They are innocent, if ignorant tweets. "I love krewella like her music is amazing and her vocals are just perf." Legions of Krewella fans jump in defense on Twitter. Krewella is not a her, it is a them, they correct.
Krewella is a band‚ yes, a band of contradictions, surprises and unexpected influences. Krewella does not quite fit in with the EDM herd, and therefore resonates deeply with anyone who does not quite fit in. To wit: It is one of the biggest rising names in dance music, but its beat-maker proclaims, "People standing behind tables putting their hands in the air is remedial." The group name-drops Fall Out Boy, Blink 182, the Faint and Timbaland as inspirations. It is ostensibly an electronic act, though one formed by singer-songwriters and a guitar shredder who put live performance above all else, who cherish being flesh to flesh with their flock. Krewella is difficult to pigeonhole, and thus speaks to all those who view themselves as difficult to pigeonhole. Which is all of us. To understand Krewella, you have to go back to the beginning."
Chicago's Fulton River District is an industrial corridor of warehouses, carnicerias and factories stretching westward from the Loop. The interiors of these old brick buildings have been chopped up and rehabbed into lofts, nightclubs, condos, galleries and chic restaurants. Though some old businesses in this meatpacking district still just pack meat in the shadow of the El tracks.
In 2010, a trio of young musicians from suburban Northbrook rented a loft in the heart of the neighborhood. The oldest, Kris ‚ÄúRain Man‚Äù Trindl, 22 at the time, a metalhead who first picked up a guitar at age 11, tried to look his most presentable when meeting with the apartment agent. He wore a peacoat. Kris and his two bandmates, sisters Yasmine and Jahan Yousaf, then 18 and 20, respectively, moved into the 2,500-square-foot space with cardboard boxes and empty beer cases as furniture. They slept on mattresses on the floor. Kris ran his computer through a flat-screen television. He turned his closet into a vocal booth, drilling holes in the walls to thread cables, insulating the interior with comforters and foam padding. Inside that closet, Jahan and Yasmine belted the vocals to "Alive" as Kris crafted the amphetamine-pumping beats and longing piano arpeggios of the hopeful dance anthem on the hardwood in his bedroom.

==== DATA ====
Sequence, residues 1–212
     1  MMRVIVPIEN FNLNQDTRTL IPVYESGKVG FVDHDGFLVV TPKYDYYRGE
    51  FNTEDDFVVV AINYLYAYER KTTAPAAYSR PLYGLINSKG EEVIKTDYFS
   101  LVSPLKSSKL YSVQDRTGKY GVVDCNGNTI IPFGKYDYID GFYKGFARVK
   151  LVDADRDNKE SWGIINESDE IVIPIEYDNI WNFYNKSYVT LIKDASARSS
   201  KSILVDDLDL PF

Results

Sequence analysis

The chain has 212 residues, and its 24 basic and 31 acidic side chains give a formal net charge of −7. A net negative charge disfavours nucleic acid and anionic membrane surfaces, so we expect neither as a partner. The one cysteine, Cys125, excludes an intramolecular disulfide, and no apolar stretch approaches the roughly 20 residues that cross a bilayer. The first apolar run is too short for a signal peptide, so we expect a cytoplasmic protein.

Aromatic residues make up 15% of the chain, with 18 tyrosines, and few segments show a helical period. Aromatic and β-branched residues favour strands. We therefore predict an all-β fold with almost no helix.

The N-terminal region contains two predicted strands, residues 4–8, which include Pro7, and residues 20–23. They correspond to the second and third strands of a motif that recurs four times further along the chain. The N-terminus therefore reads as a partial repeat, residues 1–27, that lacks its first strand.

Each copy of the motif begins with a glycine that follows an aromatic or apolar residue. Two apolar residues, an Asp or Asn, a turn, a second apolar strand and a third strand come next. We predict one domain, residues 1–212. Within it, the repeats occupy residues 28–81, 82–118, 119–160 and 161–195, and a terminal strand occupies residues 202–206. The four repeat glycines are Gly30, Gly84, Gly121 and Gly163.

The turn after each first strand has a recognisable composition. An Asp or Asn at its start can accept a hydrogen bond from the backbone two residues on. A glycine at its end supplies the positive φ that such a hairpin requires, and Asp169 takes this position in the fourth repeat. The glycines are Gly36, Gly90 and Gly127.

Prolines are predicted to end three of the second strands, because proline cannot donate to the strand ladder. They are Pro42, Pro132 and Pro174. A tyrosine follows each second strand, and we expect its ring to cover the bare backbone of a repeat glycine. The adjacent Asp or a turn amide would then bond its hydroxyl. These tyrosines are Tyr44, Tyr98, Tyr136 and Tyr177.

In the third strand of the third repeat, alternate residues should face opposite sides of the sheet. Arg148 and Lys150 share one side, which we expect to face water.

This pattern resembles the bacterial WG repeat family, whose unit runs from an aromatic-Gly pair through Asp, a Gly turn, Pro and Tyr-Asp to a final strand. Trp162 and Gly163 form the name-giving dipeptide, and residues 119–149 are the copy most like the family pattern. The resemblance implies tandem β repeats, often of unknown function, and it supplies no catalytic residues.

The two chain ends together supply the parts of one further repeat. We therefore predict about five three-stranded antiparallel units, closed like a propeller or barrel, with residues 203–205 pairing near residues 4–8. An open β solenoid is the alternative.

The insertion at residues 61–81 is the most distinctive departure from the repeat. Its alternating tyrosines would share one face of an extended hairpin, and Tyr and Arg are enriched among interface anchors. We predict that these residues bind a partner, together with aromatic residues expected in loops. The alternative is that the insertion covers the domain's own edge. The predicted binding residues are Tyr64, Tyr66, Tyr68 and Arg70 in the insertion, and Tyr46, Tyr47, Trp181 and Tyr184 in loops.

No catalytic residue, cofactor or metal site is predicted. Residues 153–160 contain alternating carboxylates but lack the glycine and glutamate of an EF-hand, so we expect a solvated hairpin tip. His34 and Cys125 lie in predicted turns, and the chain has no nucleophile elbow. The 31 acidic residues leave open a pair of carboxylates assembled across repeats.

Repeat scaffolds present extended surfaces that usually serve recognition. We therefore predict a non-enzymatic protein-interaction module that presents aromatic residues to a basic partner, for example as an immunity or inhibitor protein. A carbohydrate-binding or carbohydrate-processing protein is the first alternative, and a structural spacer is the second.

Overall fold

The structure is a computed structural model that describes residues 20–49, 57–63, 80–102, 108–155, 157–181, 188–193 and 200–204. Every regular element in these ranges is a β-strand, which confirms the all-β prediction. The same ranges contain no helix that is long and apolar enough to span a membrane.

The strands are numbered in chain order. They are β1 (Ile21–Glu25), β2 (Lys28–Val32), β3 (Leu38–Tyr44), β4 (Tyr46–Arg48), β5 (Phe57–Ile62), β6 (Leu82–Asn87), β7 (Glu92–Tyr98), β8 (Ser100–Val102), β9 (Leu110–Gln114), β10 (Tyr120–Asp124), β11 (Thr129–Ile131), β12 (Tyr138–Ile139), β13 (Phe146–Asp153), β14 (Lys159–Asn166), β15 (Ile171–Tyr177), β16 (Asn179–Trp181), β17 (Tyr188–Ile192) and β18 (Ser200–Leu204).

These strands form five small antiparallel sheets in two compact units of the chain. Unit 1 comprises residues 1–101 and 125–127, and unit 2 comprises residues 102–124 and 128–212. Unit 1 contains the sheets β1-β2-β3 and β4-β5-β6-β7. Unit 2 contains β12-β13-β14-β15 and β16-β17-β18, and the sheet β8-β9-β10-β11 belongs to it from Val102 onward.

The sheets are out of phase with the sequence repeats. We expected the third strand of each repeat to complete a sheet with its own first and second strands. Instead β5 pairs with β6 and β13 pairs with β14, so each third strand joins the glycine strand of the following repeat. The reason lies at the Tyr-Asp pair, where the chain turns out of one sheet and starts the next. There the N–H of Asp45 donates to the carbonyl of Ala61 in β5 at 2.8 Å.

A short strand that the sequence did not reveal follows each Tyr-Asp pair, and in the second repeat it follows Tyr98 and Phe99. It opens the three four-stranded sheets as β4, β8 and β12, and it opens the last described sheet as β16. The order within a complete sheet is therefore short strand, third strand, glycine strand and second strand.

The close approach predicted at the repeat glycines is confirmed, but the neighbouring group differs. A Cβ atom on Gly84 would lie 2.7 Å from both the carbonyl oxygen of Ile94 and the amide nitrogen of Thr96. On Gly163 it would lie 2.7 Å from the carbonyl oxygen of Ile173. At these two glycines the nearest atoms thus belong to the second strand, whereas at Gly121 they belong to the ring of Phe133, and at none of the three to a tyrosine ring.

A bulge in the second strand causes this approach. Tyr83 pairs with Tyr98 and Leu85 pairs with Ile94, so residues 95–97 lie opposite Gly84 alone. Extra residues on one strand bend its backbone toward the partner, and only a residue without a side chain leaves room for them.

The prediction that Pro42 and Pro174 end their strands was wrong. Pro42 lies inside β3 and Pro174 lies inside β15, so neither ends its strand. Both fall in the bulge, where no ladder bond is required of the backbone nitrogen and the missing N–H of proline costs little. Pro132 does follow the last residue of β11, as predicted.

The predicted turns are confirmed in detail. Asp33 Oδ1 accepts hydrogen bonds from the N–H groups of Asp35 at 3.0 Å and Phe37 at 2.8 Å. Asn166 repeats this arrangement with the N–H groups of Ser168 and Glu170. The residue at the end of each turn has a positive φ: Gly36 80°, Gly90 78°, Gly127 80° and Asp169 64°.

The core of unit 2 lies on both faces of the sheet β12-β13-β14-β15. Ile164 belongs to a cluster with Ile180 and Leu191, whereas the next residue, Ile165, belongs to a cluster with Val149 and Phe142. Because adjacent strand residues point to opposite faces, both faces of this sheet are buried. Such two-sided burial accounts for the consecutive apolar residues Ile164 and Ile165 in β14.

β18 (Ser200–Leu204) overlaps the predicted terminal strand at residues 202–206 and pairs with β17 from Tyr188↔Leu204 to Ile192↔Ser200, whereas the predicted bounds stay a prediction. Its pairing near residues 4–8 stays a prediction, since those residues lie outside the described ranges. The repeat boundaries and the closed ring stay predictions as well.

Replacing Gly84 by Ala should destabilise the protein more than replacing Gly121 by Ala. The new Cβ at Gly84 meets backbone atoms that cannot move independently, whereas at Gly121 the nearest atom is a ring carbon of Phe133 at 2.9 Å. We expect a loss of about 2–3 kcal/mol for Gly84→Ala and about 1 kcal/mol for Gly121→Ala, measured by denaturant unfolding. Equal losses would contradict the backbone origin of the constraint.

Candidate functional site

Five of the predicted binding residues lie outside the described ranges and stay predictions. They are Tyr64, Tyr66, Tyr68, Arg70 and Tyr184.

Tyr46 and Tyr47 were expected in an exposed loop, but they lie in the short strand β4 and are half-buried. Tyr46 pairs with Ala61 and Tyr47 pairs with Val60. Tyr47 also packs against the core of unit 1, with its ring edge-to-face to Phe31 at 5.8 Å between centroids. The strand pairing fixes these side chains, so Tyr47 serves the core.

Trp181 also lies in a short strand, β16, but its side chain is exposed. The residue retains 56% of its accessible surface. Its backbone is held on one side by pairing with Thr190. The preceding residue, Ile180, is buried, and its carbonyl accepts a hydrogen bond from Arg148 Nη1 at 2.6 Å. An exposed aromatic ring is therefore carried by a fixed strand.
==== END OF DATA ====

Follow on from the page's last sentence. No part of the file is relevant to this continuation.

"Cardboard is a pretty good acoustic fucking dampener," notes Kris. "But we probably didn't get our security deposit back," says Jahan. That recording would go on to reach Billboard's Mainstream Top 40.
Wait, let's rewind to 2007. Kris, Jahan and Yasmine met while attending Glenbrook North High School‚ the alma mater of both John Hughes and Ferris Bueller. Jahan recalls first encountering Kris, who was older and already out of school, at his parties. "He was such a star," she says. "People wanted the same guitars he had, the same pants he had. He was a bad boy."
At one soiree, at some point in the night, Jahan sensed that Kris had disappeared. She hunted him down, finding him shut away in his room. "He was programming, while everyone was playing beer pong." Kris asked Jahan to sing on the song he was secretly creating. Nelly Furtado's collaboration with Timbaland, Loose, had changed the headbanger's outlook on music. Now he wanted to make pop tunes like that.
Kris remembers first seeing Jahan at a concert his metal band was somehow playing at the Northbrook Public Library. The librarians were not thrilled. Hard to say which metal band it was. Kris cycled through ten of them. The excitable and quick-talking Killswitch Engage superfan can rattle off their names: Murder Midnight, Hero, Apostasy, et al. Meanwhile Jahan was in a group, too, a choir group for ten years. The two quickly decided a second vocalist was needed. After unsuccessfully trying out a couple of candidates, Jahan brought in her little sister, Yasmine. Though, she had been fronting a moody teenage indie band called Sunset and Camden, a moniker taken from the intersection in Singin' in the Rain.